“Today we went to a nearby school we were all new children in the group. They are not the same as my classmates I grew up with in the village, but I was still happy to start classes,” – says Briselda, 15.
Briselda is from Lezha Village.After the earthquake dhe together with her sister, mother, and two brothers are hosted in a hotel in Shëngjin. Many other families affected by the November 26 earthquake also found shelter in this hotel. Her father is stuck in the village. He stays outside, in a tent, because their home is uninhabitable, he stays in the village because the needs catle.
Returning to school means a lot of for Briselda, is a slight sign that things are going back to normal. During these difficult days, she and siblings had some peaceful moments only, in the Child Friendly Space established by World Vision Albania.
At the Child Friendly Space in Lezha, we met Mirela, Briselda’s mother. She looks sad and will not take her eyes off the children. Mirela came out of the hospital only two days ago. She appeared in the hospital because of her health condition caused by the experience of the earthquake, which she calls “the most horrible moment” in her life.
“I thank God that the rocks from our damaged house fell outside the house and the collapsed plaster did not fall on my children who were inside,and we all were able to run out,”-says Mirela painfully.
With tears in her eyes, she continues to tell us why she and her children had such a terrible experience because of the earthquake.
“The night the earthquake struck I was sleeping in the room only with my little 11-year old. I took him to sleep in my room because my husband had left 10 days earlier for Greece, to earn money on onlive plantations. He goes there seasonally to make money for the family as we have no other permanent income in the village to live in. I remember that the morning of the earthquake I took my sun in my arms son and shouted ‘earthquake’ so the other two children sleeping with my mother in law would hear. I rushed out of the house. Fortunately, my elder son pushed their room door forcefully and all five of us managed to get to the yard. After a few minutes, I saw the house collapsing but we were all together. My mind went to my eldest daughter who lives in Tirana, studying Geography. My heart was beating so hard that it seemed to jump out of my chest. I called her. First, she did not answer. That made me worried. Only after a few minutes, I managed to get in touch with her and I recall that when she answered, I only asked whether she is alive. I heard her shaking voice on the other end saying, “Mom, I am well; are you all well?’ remembers Mirela in tears.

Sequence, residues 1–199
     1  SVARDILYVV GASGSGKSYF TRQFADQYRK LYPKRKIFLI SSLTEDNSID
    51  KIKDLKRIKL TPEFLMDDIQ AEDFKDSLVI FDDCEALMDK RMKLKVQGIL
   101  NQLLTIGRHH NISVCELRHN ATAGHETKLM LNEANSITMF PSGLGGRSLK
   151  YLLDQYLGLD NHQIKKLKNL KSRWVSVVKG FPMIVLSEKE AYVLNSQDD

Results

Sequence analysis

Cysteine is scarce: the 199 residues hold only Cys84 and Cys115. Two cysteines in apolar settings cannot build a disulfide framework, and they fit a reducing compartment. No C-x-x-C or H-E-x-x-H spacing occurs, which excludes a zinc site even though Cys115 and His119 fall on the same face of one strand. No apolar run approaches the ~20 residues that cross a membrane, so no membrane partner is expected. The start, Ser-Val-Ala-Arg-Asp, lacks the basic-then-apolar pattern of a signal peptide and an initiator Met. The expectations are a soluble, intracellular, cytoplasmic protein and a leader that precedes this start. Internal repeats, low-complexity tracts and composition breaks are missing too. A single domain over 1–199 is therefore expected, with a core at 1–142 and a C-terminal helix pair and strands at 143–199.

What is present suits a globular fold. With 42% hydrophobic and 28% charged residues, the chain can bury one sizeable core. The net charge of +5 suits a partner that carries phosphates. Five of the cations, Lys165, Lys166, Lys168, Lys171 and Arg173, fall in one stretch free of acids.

The sad morning
The house was hugely damaged and it was clear nobody could live there anymore. The rocks of the second floor have fallen, the wall on the first floor has been moved, and the plaster had fallen on the beds and other house items.
“We stayed in the yard. The children were cold. I tried to go inside and grab as many clothes as I could find; I found only a few things because of the mess inside. When inside I noticed that the fallen plaster had covered the shelf of the children’s books and I could not get them,- says Mirela with regret.
Mirela and her family for two days stayed partly in the yard of their house and partially at their neighbor’s who temporarily offered them a room. Mirela’s husband hurried back from Greece, concerned about his children. Upon his arrival, they found shelter at husband’s uncle home.
By that time house inspectors told them that their house was uninhabitable, and they had to move to a hotel with many other affected families. Here the family separated, Mirela and children moved to the hotel and the husband stayed in the village.
“Only the kids and I came to the hotel. My husband stayed in the village and sleeps outside.
He couldn’t leave our cow, pig, some chicken, the cats, and the doginattended and without care-tells Mirela.
Dreams of Mirela and her children
‘Our desire is to go back home as soon as possible; I miss the cats, the dog; I always used to take care of them,” Briselda says sadly.
Briselda misses the house, the school, and her friends, as well as the pets.
“I enjoy Child Friendly spaces too, from the first days we came with the brothers, there were many fun things to do and we also learned some new things,” says Briselda.
Today, Mirela’s children restarted school classes one more step ahead helping the restore .
“I am happy that the children went back to school; I do not want them to stay behind the classes because we don’t know how long this situation will last. I like this Child Friendly space created specifically for the children. It has helped them overcome the shock faster. It is the only place where the kids can spend fun time and not be stuck in the one room,” tells Mirela
Over 100 children are sheltered in the complex in Shëngjin where World Vision Albania established a Child Friendly Space.
Many of them are at kindergarten age and they can attend kindergarten between 08:00 and 12:00 right at the Child Friendly Space. In the afternoon, the children are offered a programme designed to entertain and educate them with the goal to provide a psychosocial support.